WSC Day 3

The best thing I heard all day was the first thing I heard.  French composer Karol Beffa presented a piece Octopus (?) by the Ensemble Oct’opus (I think – the program wasn’t clear and the proceedings were all in French).  But what a cool piece!  It was for 10 saxophonists so why it was all called “Octopus” was beyond me.  The piece was pretty much along the ‘post-minimal’ vein with lots of repeated, but varied figures that built in intensity, including a gradual accelerando and crescendo.

But then I pretty much burnt out on the rest of day’s music.  Following the first session, I attended a premiere of Canadian composer Nicolas Scherzinger’s Three Very Mad Tenors, featuring three tenor saxophonists, including Vancouver’s Julia Nolan, and computer-generated sounds.  I thought this was a fairly cool piece.  The tiredness was setting in though.

I guess the thing I’m finding most is that what I’ve heard at the Congress so far is by far dominated by music that could be characterized as textural, gestural and relying a lot on highly repetitive strident sounds or “noise”.  I’m totally okay with these approaches but when it’s pretty much all you hear, then it gets a bit old.

I was excited to attend a 1:30pm concert in which two ensembles, Proxima Centauri and Strasbourg Linea, would collaborate to present a total of eight new premieres (over two shows) of works by international composers for solo saxophone and a chamber ensemble of varying instrumentation.  It got off to a really bad start.  Honestly.  I didn’t even clap for the first piece.  And I never refrain from clapping!  I don’t know what it was.  The soloist promised something awesome because his first note was a perfect crescendo from nothing but then it sounded like he played the whole piece out of tune or something.  Or maybe it was the French horn player who sounded out of tune.  In fact, it sounded as if there were multiple keys going on simultaneously.  Again, I’m not opposed to this technique but to hear eight minutes of it… no thanks.  To top it all off, although the conductor was conducting in a pulse for the most part, it was impossible to feel a beat.  AGAIN, this is okay for a while, since it really builds tension.  BUT… well, you get my drift.  The second piece had a lot of redeeming qualities, not the least of which was the musicians playing in the same ball park, so to speak.  Also, the soloist was an amazing player.  Less of the noise stuff – though there were some multiphonics – it just seemed like it was tasteful.  I didn’t like the third piece much.  Way too much repetition!  The fourth piece was quite cool.  There was a lot of noise but there were also some beats and grooves.  And there were some interesting electronic parts added to the mix.  By this time though I was getting really tired.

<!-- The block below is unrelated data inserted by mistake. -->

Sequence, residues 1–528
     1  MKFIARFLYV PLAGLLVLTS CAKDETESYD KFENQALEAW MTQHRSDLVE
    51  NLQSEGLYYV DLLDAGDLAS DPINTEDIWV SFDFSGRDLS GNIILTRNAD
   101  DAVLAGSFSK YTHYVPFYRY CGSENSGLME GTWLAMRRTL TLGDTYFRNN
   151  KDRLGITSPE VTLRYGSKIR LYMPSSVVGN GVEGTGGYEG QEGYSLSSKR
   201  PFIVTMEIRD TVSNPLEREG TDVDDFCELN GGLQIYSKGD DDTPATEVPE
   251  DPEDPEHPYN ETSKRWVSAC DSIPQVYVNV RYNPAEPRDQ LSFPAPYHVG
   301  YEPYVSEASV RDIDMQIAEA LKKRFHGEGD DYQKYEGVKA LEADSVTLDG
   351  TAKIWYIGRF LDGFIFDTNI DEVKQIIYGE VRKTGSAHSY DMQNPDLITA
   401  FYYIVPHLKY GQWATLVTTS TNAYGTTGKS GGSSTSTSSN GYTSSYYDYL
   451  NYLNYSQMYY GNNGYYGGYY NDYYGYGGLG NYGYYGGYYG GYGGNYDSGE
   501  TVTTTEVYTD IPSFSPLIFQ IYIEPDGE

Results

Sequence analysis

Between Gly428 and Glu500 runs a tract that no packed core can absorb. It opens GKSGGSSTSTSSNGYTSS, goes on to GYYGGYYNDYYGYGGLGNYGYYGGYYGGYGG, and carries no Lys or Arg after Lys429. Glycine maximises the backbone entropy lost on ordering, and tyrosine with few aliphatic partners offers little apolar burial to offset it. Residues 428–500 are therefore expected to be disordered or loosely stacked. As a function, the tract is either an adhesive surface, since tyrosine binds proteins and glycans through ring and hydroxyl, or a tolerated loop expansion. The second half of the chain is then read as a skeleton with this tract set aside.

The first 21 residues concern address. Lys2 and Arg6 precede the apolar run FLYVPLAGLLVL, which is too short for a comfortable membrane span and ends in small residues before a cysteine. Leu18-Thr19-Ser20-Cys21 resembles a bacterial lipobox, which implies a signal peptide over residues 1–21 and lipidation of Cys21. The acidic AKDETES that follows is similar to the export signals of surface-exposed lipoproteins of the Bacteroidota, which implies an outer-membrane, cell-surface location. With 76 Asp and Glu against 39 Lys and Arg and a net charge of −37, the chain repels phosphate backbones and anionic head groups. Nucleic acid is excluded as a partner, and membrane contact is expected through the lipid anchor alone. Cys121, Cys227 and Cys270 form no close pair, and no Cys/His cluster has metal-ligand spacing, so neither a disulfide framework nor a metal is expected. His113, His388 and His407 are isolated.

I went back for a second dose at 4:00pm.  This half I didn’t much like at all.  Just more of the same noise-noise-hack-hack-slap tongue bullshit.  I applauded all their efforts but I just became sick of it.  Where’s the melodies? Where’s the interesting but trackable (and feel-able) rhythms?  Where are the interesting harmonies?  Because I don’t want humdrum classical triad crap either.  I want some musical meat.  But this was way too much for me and I was bummed out after. Truly.  Remember I’ve heard three days worth of this kind of stuff, among other and better things, of course.  Is this where contemporary music is?  Do I have to write this shit to survive?

Don’t get me wrong.  We do some crazy stuff in the untitled improv group.  I like to invoke chaos from time to time.  But there’s gotta be a balance.  In most of the pieces, I heard, there is no balance.  It’s as if I directed each member of an ensemble to play a different, crazy improvised figure and keep doing it for a whole piece.  Anyway, I’ll stop ranting now.

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